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This weekend, Miller's extraordinary devotion to studying and solving some of those puzzles was recognized when she was presented the 2010 Thomas Jefferson Prize in Natural Philosophy.
The prize, which was presented during the College's Charter Day ceremony on Saturday, recognizes excellence in the sciences and honors the relationship that Jefferson enjoyed with Professor William Small, his College tutor in mathematics and the natural sciences.
Miller has stood out among her peers from her first semester at the College, when she took a sophomore-level "Integrative Biology: Animals" course. According to Paul Heideman, the professor who taught that class, Miller not only dared to take the class but she also ended up earning the highest grade out of all 155 students enrolled in it.
"I've heard from many other faculty about Lauren's similar brilliance in their classes," said Heideman in a nomination letter.
Additionally during her freshman year, Miller was accepted into the Howard Hughes Medical Institute freshmen research program, under the leadership of Margaret Saha, chancellor professor of biology. Miller began working in Saha's lab during the spring semester of her freshman year, examining the expression patterns of calcium channels during early development to determine what role those channels play in neurotransmitter phenotype determination. Miller was not only able to complete all of the experiments required of her during that first semester in the lab, but she even began assisting others. Miller has continued working in Saha's lab since, often spending 20 to 30 hours in the lab per week while also carrying a full course load. In her nomination letter, Saha said that one of the things that sets Miller apart is that she "reads and masters the background literature relevant to her project."
"She has an easy and absolute command of the literature associated with the project and is eager to understand the driving questions and broader issues," said Saha.
All of Miller's hard work has paid off. During her junior year, she and a group of students finished an analysis of the expression patterns of the alpha1 subunits throughout Xenopus laevis embryogenesis, and the group wrote a paper on their findings. The paper has been accepted for publication by Developmental Dynamics.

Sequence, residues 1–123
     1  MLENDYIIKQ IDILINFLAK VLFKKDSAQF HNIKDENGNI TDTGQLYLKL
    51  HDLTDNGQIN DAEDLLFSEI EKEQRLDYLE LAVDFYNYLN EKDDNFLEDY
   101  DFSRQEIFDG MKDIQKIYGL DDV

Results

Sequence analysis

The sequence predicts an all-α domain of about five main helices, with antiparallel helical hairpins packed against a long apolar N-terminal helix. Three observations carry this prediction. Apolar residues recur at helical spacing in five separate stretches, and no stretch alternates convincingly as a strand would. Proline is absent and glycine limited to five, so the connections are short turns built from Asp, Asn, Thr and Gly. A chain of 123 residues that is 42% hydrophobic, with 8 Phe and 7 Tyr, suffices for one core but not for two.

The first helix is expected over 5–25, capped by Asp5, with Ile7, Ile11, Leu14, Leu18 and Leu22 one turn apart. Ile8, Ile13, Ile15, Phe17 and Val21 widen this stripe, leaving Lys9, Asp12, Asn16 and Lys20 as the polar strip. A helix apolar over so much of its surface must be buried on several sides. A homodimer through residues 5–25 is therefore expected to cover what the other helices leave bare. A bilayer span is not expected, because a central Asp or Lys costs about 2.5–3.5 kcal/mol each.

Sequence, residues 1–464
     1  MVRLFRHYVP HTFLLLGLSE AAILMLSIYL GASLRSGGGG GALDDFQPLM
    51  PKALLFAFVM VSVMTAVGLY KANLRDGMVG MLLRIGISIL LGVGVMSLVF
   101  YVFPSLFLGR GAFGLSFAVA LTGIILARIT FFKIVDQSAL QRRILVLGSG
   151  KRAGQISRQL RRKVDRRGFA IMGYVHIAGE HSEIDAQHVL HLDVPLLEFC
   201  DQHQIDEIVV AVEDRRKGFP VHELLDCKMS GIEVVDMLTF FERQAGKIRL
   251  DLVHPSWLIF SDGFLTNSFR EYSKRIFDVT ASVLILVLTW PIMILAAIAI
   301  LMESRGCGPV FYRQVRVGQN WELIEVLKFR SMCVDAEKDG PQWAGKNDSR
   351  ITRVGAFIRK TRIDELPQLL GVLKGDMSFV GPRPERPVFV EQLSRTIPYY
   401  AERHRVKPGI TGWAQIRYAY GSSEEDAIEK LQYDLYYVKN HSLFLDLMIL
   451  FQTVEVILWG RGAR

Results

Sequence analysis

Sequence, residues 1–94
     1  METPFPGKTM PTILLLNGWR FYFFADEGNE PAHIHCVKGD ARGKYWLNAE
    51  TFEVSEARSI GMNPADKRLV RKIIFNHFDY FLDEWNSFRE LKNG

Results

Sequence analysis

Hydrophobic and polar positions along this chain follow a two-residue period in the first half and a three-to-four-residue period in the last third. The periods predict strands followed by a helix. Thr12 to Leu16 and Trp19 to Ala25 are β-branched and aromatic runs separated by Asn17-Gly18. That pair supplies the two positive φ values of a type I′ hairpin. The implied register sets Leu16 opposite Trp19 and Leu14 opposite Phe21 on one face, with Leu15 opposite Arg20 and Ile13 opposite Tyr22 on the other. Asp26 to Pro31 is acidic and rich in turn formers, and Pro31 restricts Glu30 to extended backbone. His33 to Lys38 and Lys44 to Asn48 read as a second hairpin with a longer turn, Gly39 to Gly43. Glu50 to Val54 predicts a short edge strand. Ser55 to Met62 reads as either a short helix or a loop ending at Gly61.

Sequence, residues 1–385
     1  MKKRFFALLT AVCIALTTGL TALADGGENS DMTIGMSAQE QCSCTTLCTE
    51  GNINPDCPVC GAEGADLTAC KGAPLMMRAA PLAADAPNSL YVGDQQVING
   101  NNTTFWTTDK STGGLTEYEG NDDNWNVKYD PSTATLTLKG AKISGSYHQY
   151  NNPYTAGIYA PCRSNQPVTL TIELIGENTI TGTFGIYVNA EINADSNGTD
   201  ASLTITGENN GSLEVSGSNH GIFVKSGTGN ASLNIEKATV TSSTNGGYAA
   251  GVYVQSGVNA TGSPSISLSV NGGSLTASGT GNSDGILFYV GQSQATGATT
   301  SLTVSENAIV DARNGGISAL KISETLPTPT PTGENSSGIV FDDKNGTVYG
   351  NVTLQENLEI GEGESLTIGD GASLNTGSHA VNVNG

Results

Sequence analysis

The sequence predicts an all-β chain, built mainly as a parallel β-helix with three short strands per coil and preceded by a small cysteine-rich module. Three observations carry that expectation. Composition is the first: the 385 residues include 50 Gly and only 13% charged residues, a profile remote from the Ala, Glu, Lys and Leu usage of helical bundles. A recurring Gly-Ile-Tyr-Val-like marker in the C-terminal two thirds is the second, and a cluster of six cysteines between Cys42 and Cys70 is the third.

"Getting the paper published was really exciting," said Miller. "We actually saw the project through from the very beginning stages all the way to publication. It was exciting to see exactly how science works and how scientists go about getting a paper published."
Miller has also presented her work with a poster at a Society for Developmental Biology meeting in Philadelphia and at the Morphogenesis and Regenerative Medicine meeting at the University of Virginia. And at William & Mary, Miller presented a talk at the Undergraduate Research Symposium. This year, Miller has been working on an honors project, examining the co-expression of calcium channel subunits.
"Although there's been a lot of research done on calcium activity and how it's related to development, no one had condcuted a comprehensive study of where calcium channels are expressed in the nervous system as it's developing," said Miller. "At William & Mary we can be involved in things that haven't been done before - we're not just repeating lab experiments to learn techniques, we're actually going in and addressing real problems - and it's exciting when you think, ‘Wow, I actually have something published in a journal and I'm actually contributing to something.'"
Throughout her College career, Miller has maintained a nearly perfect grade point average. She also scored in the 97th percentile on the Medical College Admission Test, a test she took as a sophomore. Miller has also been involved with several campus groups during her time at William & Mary, including InterVarsity, Students for Life and the Health Careers Club. Following graduation, Miller will enter a M.D./Ph.D. program at Emory University.
"I came into William & Mary thinking I'd be going to med school, but now I'm actually going into an M.D./Ph.D. program with a long-term goal of hopefully doing medical research, of being in a lab and also channeling my research findings into patient care," said Miller.
Saha said that Miller will make "a perfect physician-scientist."
"She combines compassion, calmness and caring with intelligence, passion and curiosity ... and a strong desire to cure disease in the clinic and in the research lab," said Saha in the letter. "Lauren excels in every manner and has every sign of developing into a first rate scientist."
Miller credits her professors and the opportunities that she has received at William & Mary for her success.
"You will have opportunities here that you may not get elsewhere, the opportunity for one-on-one interaction with professors and actually having a project of your own to take as far as you possibly can," she said.